The Lord didn’t call some man who was forty-years-trained in the ministry to bring forth the Restoration of His true gospel.  He called a boy.  He needed a pure vessel who was open and ready to receive revelation and to have the gifts and blessings of the Spirit imprinted on his soul. He had to be unencumbered by the philosophies of men and the false paradigms of the world. He had to be ready, as Joseph Smith was, to be taught from on High.  And this is what we see in Mormon, as well, a sober child who is ready to be taught the truth from the Lord.


And remember, when Joseph Smith begins his life’s mission, he is disguised as a 14-year-old, poor, uneducated farm boy—but he is, in actuality, the mighty prophet who is the head of the dispensation of the fulness of times.  Granted, he would have to learn line upon line and precept upon precept and experience upon experience and vision upon vision how to be that great head, but he did learn.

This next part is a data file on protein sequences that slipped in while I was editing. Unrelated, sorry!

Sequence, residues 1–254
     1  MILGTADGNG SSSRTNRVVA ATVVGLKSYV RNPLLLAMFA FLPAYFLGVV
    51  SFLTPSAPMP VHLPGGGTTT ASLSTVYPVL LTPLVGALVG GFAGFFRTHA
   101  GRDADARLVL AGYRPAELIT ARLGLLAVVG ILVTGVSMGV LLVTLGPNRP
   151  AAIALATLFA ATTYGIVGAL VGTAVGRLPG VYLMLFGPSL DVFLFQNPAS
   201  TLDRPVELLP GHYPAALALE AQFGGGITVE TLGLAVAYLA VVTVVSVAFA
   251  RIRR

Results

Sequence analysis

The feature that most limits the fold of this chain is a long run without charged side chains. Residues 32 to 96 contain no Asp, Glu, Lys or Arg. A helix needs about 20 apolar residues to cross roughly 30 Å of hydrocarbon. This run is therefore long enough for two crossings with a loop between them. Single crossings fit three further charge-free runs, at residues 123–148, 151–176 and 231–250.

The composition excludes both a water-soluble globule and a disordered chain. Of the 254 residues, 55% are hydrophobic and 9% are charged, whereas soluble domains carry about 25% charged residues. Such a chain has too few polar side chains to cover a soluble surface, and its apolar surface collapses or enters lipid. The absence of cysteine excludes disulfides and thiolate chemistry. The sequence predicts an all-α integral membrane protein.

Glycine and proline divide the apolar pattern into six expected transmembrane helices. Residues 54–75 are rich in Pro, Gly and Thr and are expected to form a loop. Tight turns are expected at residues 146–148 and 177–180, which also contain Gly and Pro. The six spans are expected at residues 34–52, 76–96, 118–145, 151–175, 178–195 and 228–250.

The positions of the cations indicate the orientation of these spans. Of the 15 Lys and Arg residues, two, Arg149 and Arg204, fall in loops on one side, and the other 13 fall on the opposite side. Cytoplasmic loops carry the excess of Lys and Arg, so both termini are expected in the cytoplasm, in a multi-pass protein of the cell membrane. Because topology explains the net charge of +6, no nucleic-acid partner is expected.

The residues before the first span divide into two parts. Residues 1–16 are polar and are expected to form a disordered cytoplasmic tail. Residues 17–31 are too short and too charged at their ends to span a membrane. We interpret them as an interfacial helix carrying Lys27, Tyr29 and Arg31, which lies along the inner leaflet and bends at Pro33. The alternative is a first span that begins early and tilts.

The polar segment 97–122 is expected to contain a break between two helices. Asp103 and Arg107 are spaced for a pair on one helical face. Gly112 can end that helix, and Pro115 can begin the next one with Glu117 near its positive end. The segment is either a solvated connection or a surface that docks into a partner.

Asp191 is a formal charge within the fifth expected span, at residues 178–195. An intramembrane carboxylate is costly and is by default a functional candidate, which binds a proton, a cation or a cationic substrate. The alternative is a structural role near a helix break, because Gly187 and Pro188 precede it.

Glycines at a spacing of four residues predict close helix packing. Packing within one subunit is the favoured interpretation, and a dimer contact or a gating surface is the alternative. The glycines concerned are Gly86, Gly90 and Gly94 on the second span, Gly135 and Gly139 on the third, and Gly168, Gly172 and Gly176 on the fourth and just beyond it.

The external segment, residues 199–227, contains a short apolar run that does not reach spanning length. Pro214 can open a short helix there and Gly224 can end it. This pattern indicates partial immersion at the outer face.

And Mormon, here is also disguised as a 14-year-old youth, although large in stature, he is really no one of consequence to the people, at least in their eyes. And yet, this is the mighty prophet Mormon, the great abridger of the 1,000-year records of the Nephites, the powerful commanding general of all the Nephite armies.  He preaches to the people to repent and they absolutely reject his warnings.  His mouth is shut and he is commanded to withdraw from preaching but only to stand as an idle witness to their destruction.


We see here that it is a privilege to hear and receive the word of the Lord and if the people reject His words, the Lord withdraws this privilege and they are left to ignorance of spiritual things and of the Lord’s protective covenants. 

Enoch preached to his people and although he felt inadequate, he was able to bring about a perfect society—so much so, they were all taken up and translated to come back to earth in our days.

Melchizedek had a people who had turned from the Lord and he prayed and fasted and preached to them and all repented and turned their hearts to the Lord and the city, as a people, were all taken up and translated.